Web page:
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Food Allergy Resources

Menu Planning for the Food Allergy Cook

February 2009

How to plan food allergy-free meals

Planning menus for a child with food allergies can seem like a daunting task. Couple this with some children's natural fussiness, and many parents become understandably overwhelmed.

As much as is practical, we recommend that you try to prepare food for your entire family which is also safe for your food-allergic child. Although some of your family may balk at the change in diet, keep in mind that it is a lot of work to cook two different menus for each meal.

Why Plan Menus?

When caring for a child with severe food allergies, picking up take-out food or finding some other last-minute dinner solution isn't always an option. A menu is a plan that will help you to avoid mealtime problems. Think of advance menu planning as an organization and coping strategy that helps ensure your family get fed while your stress level remains low and your sanity remains intact.

Grocery shopping list
Planning a menu in advance helps avoid stress

How Far in Advance to Plan?

Although it may not be necessary to make specific menu plans for breakfast or lunch, it is a good idea to plan a full week of dinner menus at once. This allows you to make one big trip to the grocery store (or stores) on your least busy day, and then enjoy the piece of mind that comes with knowing you're ready to prepare delicious, nutritious, and safe dinners for your family for the entire week.

If you're feeling particularly industrious you can plan an entire month of dinners and then simply repeat this plan each month until you or your family gets tired of it.

Working Around Your Limitations

If your child is allergic to multiple items or to more-difficult-to-avoid items, your family will probably need to make some major dietary adjustments. Many of your "old favorites" may now be off-limits, and you will have to learn a new approach to cooking and menu planning.

So where should you start? A good strategy is to focus on what your child can eat instead of focusing on what your child cannot eat. Shift your point of view. For example, if your child is allergic to milk, eggs, and nuts, don't waste your time trying to "replicate" the egg salad sandwich or macaroni & cheese that used to be your standbys. Instead, think about all of the possibilities of things to make using the foods your child can eat. In this example, you can focus on serving delicious meals centered on grains, fruits and vegetables, legumes, fish, poultry and meats.

Keep It Interesting

An obvious key to menu planning is to try to vary the menu. For example, you might want to make chicken on Monday, pasta on Tuesday, hamburgers on Wednesday, fish on Thursday, and beans on Friday. But what if your child can only eat two sources of protein, such as chicken and pork? Then you need to come up with a variety of safe ways to make these items. Explore recipes for baked chicken, sauteed chicken, ground chicken, grilled chicken, ham, bacon, pork chops, pork roast, stir fried pork with vegetables, and so forth. Use different seasonings, combine the meats with different grains and vegetables; do whatever you can to make things interesting.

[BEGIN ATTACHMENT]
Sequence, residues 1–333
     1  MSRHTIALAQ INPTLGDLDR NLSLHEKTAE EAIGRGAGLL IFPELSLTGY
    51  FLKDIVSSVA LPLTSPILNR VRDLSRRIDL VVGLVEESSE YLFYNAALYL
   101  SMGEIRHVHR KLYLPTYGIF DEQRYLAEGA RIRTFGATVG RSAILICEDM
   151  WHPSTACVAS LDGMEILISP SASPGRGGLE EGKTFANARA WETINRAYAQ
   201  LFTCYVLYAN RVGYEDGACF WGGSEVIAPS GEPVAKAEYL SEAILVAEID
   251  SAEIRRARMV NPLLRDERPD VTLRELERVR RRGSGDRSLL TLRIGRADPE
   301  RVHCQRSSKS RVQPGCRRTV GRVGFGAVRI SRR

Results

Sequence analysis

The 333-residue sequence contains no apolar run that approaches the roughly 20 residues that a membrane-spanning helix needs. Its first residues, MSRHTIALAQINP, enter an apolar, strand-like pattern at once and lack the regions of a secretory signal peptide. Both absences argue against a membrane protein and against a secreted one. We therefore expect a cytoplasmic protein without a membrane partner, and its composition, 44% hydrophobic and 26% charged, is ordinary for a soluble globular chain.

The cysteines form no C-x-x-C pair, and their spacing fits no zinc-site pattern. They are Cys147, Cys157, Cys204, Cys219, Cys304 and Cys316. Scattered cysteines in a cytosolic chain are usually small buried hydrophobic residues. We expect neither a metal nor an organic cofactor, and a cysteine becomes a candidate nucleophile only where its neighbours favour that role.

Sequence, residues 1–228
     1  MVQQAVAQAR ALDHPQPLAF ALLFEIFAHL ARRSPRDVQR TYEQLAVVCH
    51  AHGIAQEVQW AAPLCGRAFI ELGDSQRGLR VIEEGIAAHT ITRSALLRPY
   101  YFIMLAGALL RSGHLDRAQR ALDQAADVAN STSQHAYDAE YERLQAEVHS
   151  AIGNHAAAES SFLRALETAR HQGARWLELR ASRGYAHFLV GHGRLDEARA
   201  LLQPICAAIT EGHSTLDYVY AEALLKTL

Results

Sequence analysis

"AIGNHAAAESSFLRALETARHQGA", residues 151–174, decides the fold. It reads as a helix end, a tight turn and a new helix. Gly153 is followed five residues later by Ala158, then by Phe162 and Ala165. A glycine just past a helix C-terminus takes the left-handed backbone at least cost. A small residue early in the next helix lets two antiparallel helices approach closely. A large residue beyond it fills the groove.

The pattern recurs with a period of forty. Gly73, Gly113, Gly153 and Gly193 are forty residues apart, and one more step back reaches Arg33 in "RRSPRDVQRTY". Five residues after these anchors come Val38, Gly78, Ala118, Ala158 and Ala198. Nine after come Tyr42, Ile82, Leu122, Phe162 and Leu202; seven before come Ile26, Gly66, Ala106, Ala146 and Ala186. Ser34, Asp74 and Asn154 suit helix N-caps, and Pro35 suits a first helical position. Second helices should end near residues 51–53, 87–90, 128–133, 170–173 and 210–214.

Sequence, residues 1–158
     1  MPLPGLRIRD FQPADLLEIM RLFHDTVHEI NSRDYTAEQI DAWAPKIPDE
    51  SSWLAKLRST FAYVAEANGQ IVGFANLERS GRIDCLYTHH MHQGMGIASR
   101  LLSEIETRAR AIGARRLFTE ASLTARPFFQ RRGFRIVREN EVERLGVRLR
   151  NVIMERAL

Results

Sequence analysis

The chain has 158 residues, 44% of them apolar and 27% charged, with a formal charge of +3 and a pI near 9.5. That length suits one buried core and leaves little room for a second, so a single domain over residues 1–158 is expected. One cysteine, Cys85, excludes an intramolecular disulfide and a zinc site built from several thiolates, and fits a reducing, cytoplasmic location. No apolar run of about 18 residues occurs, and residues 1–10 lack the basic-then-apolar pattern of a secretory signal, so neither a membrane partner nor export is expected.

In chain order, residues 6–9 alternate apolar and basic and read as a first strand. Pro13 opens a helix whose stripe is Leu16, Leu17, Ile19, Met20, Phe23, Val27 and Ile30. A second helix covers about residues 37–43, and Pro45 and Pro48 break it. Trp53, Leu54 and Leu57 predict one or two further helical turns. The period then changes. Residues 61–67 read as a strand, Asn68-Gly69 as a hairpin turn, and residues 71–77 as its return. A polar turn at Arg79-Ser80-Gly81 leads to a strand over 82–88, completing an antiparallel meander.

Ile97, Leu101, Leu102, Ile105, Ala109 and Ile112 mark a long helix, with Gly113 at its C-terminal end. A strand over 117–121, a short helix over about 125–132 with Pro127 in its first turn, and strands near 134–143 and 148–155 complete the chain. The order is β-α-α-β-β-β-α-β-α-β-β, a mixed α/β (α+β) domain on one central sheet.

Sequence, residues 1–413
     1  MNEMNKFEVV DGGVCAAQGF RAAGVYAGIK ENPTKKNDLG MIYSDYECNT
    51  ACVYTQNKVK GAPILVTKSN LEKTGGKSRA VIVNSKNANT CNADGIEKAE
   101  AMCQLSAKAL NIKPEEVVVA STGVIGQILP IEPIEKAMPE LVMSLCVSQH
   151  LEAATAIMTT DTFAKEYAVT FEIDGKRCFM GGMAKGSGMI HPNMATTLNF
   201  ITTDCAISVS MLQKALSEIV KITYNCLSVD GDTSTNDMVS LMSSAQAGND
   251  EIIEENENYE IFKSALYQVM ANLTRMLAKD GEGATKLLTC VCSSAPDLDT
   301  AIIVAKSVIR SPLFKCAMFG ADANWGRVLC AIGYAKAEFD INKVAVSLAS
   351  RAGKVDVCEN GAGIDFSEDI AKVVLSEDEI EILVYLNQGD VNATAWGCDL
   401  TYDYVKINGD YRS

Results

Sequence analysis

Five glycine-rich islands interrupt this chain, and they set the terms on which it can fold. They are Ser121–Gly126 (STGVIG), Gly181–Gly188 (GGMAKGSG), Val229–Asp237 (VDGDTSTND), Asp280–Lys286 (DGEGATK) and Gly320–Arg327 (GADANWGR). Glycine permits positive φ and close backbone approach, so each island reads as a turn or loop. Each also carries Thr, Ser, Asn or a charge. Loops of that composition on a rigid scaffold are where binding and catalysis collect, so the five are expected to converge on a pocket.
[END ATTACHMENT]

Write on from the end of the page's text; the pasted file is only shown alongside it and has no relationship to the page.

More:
Finding Recipes, Ideas, and Inspiration

Three meals a day, 7 days a're going to need a lot of ideas and inspiration! Where can you look?

  • Explore our Safe Eats™ Database: KFA's Safe Eats™ Database is full of delicious, member-contributed recipes. Search the database by your special dietary needs, or browse by category. Many new recipes are added each month; to find the latest additions simply log in to the database and click on "New Recipes" on the left- side menu (near the bottom of the page).

  • Get a Specialty Cookbook: There are a number of excellent food allergy cookbooks on the market today, many of which can be ordered through KFA's Allergy Book Shop or found at your local library. If you're avoiding dairy and egg, you'll also find many suitable recipes in vegan cookbooks; those on a wheat-free diet should also explore the gluten-free cookbooks that are marketed to people who have Celiac Disease.

  • Browse Through a Mainstream Cookbook: Take a trip to the bookstore or library and browse through a variety of cookbooks. Look at ethnic cuisines, recipes relating to specific cooking styles or equipment, cookbooks that focus on specific ingredients, collections from celebrity chefs, and more. You're bound to get some terrific ideas!

  • Resurrect an Old Recipe: If you're new to food allergy cooking, look through your recipe files to see if there are any "old favorites" which are suitable either as is or with minor modifications. If you already have a collection of safe recipes, look for a tried-and-true favorite that you simply have forgotten about and haven't made in a while.

  • Go Grocery Shopping: Take a trip to a new grocery store and look through the aisles for new foods to try as ingredients or main dishes. Sometimes a new find at a grocery store can provide the inspiration you need.

  • Ask for Suggestions: Ask for ideas in our Food and Cooking Forum (registration is free). Our members can be relied upon to come up with new. This is also a great way to get help modifying a recipe to meet your needs. All you have to do is ask!

Related Resources

Approved by KFA Medical Advisory Team July 2007. Updated February 2009.

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Page last updated 7/29/2012

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